Open banking in Australia moves a step closer

Open banking in Australia moves a step closer

Reform recommendations include the requirement for banks to open access to customer data, while equity crowd-funding gets a boost from new legislation opening the model to retail investors

The global nature of the open banking phenomenon has been reinforced by recommendations for banking sector reform in Australia in a report tabled in parliament by The House of Representatives Standing Committee on Economics.

Among the recommendations are the stipulation that banks be “forced to open up access to consumer data by 1 July 2018, which will give consumers much greater options when seeking to switch banks”.

The report contains a series of other proposals designed to improve competition in the Australian banking sector, including the creation of a new, permanent regulatory function focused on day-to-day monitoring of competition in the banking sector, a review of the regulatory barriers to starting a bank, with the goal of injecting more competition into the sector, and a review of the regulatory barriers to starting a bank, with the goal of injecting more competition into the sector.

While other recommendations in the report – namely those designed to tighten up the regime around consumer protection and executive accountability – have garnered strong interest in the media and among industry commentators, the enhanced competition and open banking components will have a profound impact on banks’ IT and strategic thinking going forward.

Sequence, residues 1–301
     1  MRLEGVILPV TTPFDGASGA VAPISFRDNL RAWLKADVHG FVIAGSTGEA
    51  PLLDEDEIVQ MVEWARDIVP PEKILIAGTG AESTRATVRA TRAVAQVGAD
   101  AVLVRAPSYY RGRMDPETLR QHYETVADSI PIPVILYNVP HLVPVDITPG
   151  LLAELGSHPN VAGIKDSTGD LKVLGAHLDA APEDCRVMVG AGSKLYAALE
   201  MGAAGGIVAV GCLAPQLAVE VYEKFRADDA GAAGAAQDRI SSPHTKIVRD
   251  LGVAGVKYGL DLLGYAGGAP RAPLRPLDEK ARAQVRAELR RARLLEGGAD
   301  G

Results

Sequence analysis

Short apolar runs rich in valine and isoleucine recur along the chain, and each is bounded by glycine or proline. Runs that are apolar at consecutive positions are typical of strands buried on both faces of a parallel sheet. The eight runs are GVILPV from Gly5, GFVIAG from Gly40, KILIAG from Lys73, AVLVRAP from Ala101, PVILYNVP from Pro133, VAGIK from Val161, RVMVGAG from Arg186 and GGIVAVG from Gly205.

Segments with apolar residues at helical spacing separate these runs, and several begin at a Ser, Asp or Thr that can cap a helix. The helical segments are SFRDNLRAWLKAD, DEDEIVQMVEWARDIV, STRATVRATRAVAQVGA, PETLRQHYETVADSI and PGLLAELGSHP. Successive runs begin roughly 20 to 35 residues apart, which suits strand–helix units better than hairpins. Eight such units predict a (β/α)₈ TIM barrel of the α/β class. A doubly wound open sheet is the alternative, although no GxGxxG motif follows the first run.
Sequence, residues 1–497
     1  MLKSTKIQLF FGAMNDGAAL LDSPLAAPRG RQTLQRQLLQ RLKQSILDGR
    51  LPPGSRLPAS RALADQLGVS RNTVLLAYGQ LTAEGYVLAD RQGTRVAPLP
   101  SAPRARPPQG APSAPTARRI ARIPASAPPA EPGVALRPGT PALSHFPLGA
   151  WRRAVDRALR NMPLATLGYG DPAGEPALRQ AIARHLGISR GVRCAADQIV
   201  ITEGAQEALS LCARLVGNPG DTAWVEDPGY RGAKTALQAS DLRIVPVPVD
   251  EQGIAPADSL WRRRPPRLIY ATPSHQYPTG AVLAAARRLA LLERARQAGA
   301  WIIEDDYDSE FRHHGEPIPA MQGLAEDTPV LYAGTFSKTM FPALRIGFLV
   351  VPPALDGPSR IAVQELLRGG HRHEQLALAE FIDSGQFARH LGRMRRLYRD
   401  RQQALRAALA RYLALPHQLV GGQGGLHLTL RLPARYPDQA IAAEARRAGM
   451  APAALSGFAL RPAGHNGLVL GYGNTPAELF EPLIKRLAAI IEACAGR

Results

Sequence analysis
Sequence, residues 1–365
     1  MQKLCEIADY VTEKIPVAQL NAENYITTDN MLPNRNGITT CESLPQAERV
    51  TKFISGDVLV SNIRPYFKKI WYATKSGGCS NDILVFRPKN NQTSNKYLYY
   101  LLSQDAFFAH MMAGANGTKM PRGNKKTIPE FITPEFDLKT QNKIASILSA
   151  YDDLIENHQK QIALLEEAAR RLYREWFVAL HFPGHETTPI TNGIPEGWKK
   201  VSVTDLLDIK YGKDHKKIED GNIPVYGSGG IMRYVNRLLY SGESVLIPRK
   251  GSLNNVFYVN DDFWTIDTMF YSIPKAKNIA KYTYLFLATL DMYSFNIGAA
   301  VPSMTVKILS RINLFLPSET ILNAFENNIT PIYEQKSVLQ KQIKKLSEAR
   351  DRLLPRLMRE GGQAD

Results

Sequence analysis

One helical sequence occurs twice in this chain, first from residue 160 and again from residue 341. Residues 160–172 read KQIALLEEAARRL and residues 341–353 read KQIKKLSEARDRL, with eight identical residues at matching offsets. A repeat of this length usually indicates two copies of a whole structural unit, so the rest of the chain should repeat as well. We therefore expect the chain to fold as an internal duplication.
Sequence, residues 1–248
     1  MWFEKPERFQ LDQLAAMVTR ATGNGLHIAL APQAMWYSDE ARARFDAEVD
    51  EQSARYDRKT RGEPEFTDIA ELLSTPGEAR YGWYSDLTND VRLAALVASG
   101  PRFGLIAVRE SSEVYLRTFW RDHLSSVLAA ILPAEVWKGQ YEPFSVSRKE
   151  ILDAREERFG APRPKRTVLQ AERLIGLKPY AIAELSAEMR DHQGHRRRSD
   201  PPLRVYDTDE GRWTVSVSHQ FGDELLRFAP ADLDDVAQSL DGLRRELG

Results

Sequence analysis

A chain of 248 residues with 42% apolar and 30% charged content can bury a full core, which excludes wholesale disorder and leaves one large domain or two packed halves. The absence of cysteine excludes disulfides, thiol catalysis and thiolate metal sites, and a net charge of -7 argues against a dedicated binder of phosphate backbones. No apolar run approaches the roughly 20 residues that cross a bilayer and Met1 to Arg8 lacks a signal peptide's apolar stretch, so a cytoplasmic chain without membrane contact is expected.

Indeed, as Finextra’s latest research on open banking uncovered, leading Australian banks are already taking steps to emulate the approach of European banks to open APIs, despite not being impacted directly by the European regulation PSD2. As one said: “In our view, open banking and open APIs are important for us because they will help to fuel the integration of our multinational customers operating or based in Europe. What’s going to happen is that these multinationals doing business in Europe will want to do business in the same way globally and if we want those multinationals as customers – even if we are not specifically impacted by PSD2 – we are preparing ourselves to operate in a world that operates in a similar way.”

This bank already has a strategy “around opening up the front door and developing integration through APIs”, he continued, and a second Australian contributor to the research also confirmed his bank has a strategy for “API enablement and restructuring internal architectures, technology and operations to better embrace third party capabilities”.

Meanwhile, equity crowdfunding in Australia received a boost as the Corporations Amendment (Crowd-Sourced Funding) Bill was reintroduced into Parliament, after being shelved by the Australian government earlier this year. The amended bill enables unlisted public companies with less than AU$25 million in gross assets and less than AU$25 million in annual turnover to raise capital via crowdsourced equity funding. Specifically, they will be able to raise up to AU$5 million in any 12-month period through local equity crowdfunding platforms such as Equitise and VentureCrowd.

The new bill would also open up this investment opportunity to retail investors, who would be able to invest up to AU$10,000 per company per year, with a 48-hour cooling-off period.

Private companies would still be prevented from raising funds from the public under the new legislation, but, according to Treasurer Scott Morrison, the government is discussing the possibility of extending this option to them during next year. In a statement Morrison also said: "The legislation will complement the Turnbull government's existing financial sector and innovation policies including the push for an internationally competitive fintech industry, new tax incentives for angel investors and start-ups, and changes to the tax treatment of crypto currencies."

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